PyWart: Exception error paths far too verbose
rosuav at gmail.com
Wed Jan 16 22:21:46 CET 2013
On Thu, Jan 17, 2013 at 4:32 AM, Rick Johnson
<rantingrickjohnson at gmail.com> wrote:
> On 1-16-2013 8:45 AM Steven D'Aprano wrote:
>> What personal library folder?
> The single MONOLITHIC folder you SHOULD be using to contain all your personal modules and scripts! But of course you are not doing this, only professionals are consistent.
On the contrary; it's easy to be consistent in clinical conditions,
but the Real World is very messy. Just a few reasons for scripts to
move around a bit:
* A few of the files need to be auto-updated by some remote system, so
they're stored in a directory owned by some other user to isolate
* Some files come from a package that's managed by an external
facility (eg apt-get), so there's no point moving them
* Part of the code gets extracted or decrypted on-the-fly from some
other source, so they're in /tmp
* The most important scripts are in a source-control managed tree
You can't rely on a single directory ("folder") containing all the
non-system code. If Python were to absolutely *demand* that, then I
suppose you could set up a bunch of symlinks (as long as you're on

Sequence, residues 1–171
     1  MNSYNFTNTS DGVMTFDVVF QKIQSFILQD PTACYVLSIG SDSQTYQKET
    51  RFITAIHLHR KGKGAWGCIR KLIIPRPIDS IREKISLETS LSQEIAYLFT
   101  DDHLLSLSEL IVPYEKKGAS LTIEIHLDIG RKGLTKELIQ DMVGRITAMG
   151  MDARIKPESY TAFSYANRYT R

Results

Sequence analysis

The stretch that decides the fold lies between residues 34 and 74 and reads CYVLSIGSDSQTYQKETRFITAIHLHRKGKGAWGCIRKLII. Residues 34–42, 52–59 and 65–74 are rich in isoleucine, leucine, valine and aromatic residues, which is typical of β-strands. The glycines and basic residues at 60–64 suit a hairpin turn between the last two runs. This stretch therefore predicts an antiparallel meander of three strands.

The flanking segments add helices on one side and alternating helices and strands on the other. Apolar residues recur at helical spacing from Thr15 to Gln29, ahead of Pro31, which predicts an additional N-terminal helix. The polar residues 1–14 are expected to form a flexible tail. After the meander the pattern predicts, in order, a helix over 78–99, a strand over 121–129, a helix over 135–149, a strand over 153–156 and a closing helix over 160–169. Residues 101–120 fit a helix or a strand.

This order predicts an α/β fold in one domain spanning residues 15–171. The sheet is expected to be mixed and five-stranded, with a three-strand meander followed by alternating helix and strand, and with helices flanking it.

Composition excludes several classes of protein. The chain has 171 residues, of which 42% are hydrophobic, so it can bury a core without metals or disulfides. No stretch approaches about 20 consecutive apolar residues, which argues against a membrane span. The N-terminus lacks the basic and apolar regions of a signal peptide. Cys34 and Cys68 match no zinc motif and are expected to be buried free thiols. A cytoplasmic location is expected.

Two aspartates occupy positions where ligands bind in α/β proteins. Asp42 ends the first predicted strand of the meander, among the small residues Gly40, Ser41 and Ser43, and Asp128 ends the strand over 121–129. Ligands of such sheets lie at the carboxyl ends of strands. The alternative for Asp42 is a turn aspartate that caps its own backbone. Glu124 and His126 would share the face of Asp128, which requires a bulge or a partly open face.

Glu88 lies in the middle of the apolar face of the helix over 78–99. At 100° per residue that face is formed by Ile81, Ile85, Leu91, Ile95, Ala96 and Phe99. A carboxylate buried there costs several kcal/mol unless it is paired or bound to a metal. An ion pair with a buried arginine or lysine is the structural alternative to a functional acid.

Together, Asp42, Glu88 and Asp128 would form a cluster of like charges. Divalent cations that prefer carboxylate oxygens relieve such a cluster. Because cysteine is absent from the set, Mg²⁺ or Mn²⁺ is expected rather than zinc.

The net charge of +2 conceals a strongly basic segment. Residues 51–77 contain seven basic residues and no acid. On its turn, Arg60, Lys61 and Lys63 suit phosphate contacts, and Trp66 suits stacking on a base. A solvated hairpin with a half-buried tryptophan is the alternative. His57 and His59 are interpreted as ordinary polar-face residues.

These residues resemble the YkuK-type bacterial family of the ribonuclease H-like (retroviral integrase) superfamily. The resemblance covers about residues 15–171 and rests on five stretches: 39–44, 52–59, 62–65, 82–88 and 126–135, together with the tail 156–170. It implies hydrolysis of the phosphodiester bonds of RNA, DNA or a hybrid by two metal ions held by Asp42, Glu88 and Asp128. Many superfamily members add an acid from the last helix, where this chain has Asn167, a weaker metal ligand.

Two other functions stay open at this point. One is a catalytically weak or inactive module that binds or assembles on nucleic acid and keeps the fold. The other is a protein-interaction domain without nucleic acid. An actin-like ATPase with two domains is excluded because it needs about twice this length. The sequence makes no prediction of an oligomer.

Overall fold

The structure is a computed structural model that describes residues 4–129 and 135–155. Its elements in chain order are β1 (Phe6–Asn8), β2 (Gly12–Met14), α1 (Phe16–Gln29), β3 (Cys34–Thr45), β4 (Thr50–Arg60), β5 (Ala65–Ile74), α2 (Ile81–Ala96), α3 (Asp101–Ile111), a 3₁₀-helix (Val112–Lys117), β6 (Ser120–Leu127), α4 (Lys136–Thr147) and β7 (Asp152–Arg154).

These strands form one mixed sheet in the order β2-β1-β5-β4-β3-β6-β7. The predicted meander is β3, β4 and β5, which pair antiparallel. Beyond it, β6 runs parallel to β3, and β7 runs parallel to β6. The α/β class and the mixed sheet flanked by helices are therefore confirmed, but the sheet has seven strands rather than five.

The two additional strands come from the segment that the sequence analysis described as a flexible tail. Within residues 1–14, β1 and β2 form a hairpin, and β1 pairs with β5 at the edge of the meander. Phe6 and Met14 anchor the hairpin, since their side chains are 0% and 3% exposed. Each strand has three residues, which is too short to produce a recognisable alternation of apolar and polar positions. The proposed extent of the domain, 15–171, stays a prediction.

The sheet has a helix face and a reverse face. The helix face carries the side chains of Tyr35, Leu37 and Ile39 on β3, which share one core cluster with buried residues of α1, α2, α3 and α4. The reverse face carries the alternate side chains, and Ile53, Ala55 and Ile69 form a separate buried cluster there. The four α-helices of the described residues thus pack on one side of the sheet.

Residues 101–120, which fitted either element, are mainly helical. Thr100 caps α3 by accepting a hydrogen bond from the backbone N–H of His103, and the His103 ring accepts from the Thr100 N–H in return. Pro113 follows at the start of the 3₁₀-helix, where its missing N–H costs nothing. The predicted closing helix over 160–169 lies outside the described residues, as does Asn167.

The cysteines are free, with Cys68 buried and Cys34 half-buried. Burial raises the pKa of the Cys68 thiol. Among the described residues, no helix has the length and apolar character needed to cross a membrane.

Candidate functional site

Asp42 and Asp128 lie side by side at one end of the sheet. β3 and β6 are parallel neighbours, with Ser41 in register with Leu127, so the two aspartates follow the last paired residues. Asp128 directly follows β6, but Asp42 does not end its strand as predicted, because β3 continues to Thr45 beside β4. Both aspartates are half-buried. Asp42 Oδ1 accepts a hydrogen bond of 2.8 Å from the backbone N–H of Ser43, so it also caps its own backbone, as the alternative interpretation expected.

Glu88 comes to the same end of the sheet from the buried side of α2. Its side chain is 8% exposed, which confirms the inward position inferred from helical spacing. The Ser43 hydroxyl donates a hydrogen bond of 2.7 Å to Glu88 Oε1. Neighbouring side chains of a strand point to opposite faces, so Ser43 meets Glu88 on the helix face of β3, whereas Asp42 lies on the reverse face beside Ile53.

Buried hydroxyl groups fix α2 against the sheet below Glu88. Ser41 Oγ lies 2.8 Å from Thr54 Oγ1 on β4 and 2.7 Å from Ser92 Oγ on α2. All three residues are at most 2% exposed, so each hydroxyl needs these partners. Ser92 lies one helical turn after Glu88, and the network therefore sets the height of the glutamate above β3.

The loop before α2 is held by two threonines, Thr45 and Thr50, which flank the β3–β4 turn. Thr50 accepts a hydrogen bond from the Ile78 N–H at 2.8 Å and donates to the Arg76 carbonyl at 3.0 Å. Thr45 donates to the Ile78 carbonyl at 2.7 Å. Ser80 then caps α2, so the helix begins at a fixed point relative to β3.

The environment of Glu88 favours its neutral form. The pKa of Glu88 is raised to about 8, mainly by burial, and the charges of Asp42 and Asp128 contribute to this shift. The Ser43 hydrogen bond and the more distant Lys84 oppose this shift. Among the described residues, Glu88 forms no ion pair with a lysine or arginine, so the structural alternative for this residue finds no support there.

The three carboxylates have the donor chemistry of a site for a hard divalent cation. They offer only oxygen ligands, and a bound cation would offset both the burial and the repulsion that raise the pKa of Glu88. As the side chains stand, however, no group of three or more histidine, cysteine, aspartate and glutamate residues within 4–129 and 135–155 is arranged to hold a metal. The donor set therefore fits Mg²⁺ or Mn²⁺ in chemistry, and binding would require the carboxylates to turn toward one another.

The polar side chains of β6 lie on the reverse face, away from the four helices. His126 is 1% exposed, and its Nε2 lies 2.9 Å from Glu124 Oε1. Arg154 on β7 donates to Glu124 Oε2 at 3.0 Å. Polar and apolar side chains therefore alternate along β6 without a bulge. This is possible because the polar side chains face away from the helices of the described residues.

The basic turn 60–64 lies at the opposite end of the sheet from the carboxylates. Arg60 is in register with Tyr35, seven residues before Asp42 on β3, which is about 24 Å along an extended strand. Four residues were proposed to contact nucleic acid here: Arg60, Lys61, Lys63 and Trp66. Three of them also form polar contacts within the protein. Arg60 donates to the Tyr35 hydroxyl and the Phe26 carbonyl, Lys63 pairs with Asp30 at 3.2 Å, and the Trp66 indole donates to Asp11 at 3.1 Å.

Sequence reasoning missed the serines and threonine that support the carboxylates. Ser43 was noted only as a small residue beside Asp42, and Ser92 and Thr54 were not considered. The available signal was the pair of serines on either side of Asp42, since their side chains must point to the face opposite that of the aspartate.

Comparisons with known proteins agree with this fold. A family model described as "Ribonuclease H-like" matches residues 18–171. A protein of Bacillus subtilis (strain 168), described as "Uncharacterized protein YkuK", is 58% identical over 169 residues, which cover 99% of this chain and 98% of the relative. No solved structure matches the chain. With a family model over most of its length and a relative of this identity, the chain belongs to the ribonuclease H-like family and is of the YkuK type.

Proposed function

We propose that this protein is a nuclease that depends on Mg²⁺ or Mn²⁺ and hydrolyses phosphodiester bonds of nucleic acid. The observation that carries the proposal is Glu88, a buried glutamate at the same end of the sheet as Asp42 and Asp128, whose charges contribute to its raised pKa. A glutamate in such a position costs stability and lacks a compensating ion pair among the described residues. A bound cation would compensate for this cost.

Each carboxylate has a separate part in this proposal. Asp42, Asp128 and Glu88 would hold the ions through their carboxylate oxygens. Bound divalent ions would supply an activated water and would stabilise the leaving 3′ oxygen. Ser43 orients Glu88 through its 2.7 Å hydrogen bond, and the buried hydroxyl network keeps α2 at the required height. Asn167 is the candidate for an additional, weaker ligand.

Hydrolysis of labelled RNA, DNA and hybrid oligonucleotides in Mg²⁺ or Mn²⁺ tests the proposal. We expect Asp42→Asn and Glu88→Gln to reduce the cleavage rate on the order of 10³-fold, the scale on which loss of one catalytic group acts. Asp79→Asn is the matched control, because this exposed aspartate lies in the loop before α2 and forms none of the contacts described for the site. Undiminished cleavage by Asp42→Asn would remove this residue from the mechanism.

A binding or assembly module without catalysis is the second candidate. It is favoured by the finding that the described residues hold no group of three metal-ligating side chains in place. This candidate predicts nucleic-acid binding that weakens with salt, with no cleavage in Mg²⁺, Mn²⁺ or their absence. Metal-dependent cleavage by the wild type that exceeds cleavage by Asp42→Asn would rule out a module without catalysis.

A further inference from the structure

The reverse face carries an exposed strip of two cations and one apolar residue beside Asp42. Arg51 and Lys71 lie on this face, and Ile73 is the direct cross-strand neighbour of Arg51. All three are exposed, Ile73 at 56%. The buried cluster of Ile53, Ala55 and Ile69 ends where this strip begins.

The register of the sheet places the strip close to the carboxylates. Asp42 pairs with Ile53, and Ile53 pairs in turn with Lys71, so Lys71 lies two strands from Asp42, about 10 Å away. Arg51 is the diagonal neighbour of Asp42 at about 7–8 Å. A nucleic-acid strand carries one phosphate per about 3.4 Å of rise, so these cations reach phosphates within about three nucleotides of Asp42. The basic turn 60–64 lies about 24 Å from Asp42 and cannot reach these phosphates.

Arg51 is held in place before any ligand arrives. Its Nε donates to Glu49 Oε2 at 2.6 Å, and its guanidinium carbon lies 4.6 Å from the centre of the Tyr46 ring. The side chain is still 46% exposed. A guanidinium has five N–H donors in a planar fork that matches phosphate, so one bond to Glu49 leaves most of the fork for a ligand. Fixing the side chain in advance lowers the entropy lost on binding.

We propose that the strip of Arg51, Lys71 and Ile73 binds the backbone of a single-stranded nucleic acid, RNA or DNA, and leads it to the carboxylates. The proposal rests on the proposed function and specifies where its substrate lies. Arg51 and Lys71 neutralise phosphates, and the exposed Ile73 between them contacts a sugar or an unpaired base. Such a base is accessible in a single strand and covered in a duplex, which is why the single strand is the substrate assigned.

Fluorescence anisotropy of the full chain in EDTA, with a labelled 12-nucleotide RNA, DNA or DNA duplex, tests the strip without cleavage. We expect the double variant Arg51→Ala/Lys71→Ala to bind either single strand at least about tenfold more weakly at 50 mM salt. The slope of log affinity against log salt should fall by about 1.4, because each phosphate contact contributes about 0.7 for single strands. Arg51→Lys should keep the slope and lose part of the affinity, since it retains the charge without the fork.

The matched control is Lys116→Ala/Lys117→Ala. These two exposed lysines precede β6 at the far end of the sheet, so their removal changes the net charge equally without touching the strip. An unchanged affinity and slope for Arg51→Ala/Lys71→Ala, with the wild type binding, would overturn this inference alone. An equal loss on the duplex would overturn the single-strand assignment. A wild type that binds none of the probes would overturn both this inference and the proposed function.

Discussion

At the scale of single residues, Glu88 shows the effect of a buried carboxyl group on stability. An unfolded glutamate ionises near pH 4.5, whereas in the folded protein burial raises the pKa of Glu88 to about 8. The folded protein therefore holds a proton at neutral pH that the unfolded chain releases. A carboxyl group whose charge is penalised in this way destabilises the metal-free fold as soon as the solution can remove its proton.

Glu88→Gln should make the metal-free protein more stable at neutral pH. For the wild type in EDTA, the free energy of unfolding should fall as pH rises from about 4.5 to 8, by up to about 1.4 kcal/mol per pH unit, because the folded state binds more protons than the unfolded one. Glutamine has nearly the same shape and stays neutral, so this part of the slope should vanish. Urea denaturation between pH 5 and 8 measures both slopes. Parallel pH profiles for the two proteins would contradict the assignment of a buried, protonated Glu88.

Linux - on Windows, you MIGHT be able to do that), but it wouldn't
gain you anything.
>> and to my shame on my Desktop, the bane of my life (can't
>> live with it, can't live without it):
> And why the HELL would you place scripts on the desktop? So you can easily double click and run them? *giggles* Steven, have you heard of the new invention called a symbolic link?
Back in the early 1990s, on our OS/2 boxes, I got into the rather
useful habit of creating a file called 1. If I want an extension on
that, I can call it "1.cmd" for a REXX command, or whatever. If I need
two, "2.cmd" comes next. Saves you the trouble of coming up with a
name that fits your "standard library", and it keeps showing the thing
to you, demanding attention, and asking either to be renamed to
something permanent or finished with and deleted. Not all files are
for long-term use.
Mind you, some temporary names end up surviving. I still have a file
called 1 that stores snippets and cool quotes from the MUDs I play,
and when I made them web-accessible, I kept the name -
http://rosuav.com/1/ - after all, nothing is so permanent as a
temporary name. But I digress.
> So you understood my statement, however, you felt the need to correct me because i say "toe-mate-toe" and you say "toe-maught-toe"? interesting.
This is an argument I've had many times at work. Incorrect use of
language SHOULD be corrected, even when it's unambiguous; otherwise,
language becomes useless. If your and Steven's disagreement were